Pea shoots are, just as the name implies, the early shoots of pea plants.
If left to continue growing, these young plants would eventually establish deep root systems and, in a couple of months, produce pea pods.
Until the plants reach about 6 inches tall—which takes just two to four weeks—the shoots are tender and crisp. The best part is they taste just like peas in the form of green leafy veggies.
Grow Pea Shoots Indoors
If you’re growing pea plants for pea shoots’ sake, indoors or in a greenhouse is the easiest way.
You’ll find seeds specific to pea shoot production. These provide the most tender pea shoots, but you can harvest pea shoots from any pea seeds that you have on hand.
Start out by soaking the seeds—which are actually peas, you may already know—overnight to soften the seed coat and speed up germination.
Drain the seeds, and pop one each into soil blocks or the cells of a seed tray, then cover with 1/2 inch of soil, water and wait.
Pea shoots take up such little room, you can even plant a handful directly into a container for a sunny windowsill, spaced 1/2 inch apart. They’ll germinate in two or three days and be ready to eat in two or so weeks.
Grow Them Outdoors
It’s possible to grow pea plants to harvest both shoots and peas.
You’ll want actual pea seeds—whether for snow peas, snap peas or English peas—if you’re planning to harvest peas after the shoot stage. In this case, you’re probably growing peas outdoors. Put them in the ground in early spring, when the soil is cool but not too wet. Pea plants will thrive until the weather gets too warm.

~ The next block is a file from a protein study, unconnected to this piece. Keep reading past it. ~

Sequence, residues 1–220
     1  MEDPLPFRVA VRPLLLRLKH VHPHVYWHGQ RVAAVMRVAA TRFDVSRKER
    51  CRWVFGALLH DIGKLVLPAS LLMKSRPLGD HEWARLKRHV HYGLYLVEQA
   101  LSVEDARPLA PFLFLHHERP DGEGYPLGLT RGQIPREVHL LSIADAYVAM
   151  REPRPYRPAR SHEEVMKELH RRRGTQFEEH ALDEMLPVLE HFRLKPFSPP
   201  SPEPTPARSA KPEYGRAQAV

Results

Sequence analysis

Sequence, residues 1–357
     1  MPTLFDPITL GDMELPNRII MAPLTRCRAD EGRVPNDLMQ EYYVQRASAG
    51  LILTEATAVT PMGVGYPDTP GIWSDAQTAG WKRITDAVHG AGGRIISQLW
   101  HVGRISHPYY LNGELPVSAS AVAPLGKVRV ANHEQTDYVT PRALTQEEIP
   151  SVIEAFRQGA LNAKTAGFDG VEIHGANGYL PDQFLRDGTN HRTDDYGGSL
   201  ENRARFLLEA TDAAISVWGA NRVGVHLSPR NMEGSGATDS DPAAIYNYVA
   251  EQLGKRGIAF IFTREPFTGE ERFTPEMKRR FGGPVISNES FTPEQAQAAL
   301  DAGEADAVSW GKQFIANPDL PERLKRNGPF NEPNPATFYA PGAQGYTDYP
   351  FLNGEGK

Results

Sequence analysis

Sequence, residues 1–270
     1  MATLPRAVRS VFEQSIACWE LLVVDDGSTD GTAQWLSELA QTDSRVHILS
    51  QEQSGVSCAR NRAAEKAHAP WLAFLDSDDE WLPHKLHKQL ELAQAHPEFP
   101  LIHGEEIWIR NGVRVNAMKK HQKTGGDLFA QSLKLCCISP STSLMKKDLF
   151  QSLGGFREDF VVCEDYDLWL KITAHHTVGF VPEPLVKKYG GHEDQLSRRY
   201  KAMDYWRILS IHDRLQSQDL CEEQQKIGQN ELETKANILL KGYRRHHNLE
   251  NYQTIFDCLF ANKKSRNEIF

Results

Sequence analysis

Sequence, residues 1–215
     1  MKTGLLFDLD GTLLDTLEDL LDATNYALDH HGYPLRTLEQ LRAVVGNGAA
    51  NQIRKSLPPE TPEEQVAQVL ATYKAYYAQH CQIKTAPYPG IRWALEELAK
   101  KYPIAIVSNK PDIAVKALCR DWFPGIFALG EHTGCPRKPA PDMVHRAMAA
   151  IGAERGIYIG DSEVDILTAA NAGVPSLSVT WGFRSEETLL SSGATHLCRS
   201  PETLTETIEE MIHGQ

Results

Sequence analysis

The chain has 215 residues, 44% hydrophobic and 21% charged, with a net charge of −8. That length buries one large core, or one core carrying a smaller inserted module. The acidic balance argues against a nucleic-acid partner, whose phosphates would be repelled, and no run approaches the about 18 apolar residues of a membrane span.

One more option for growing pea shoots is to let your winter pea cover crop do double duty. You can eat shoots from these plants, too!
How to Harvest Pea Shoots
Unlike growing for pea pods, there’s no need to trellis pea shoots, because they’ll grow to just 6 inches tall before you harvest.
When pea shoots are 3 to 6 inches, cut them with scissors just above the lowest set of leaves. Store the shoots in the fridge in a sealed bag or container, or add them directly to the meal you’re enjoying next.
Pea shoots are cut and come again, and you can get two or three cuttings before you’ve reached peak pea shoot.
How to Eat Pea Shoots
I love eating pea shoots every which way. I’m writing this in mid-winter, so having any bunch of fresh greens is exciting!
I recently folded my pea shoots into an omelet, wrapped them in a tortilla with tuna salad, and stirred them into both a curry and a pasta dish just before serving.
Stir fries and salads also benefit from some crunchy pea shoot action. In short, you can incorporate pea shoots into most dishes—raw, steamed or stir fried.
Apart from the obvious benefit of giving your dish some crunch and a pop of bright-green color, pea shoots are also nutritious.
They’re a good source of fiber, beta carotene and lutein, as you’d expect from any green leafy vegetable. Compared to other ready-to-eat green leafy veggies, they have even higher vitamins C, E and A; potassium; and phosphorous, according to a study published in Food Research International.
Pea shoots are like springtime year-round for your kitchen and your greenhouse. When you’re facing yet another cloudy winter horizon, a bright-green crop of pea shoots may be all you need to brighten your day as well as your next meal.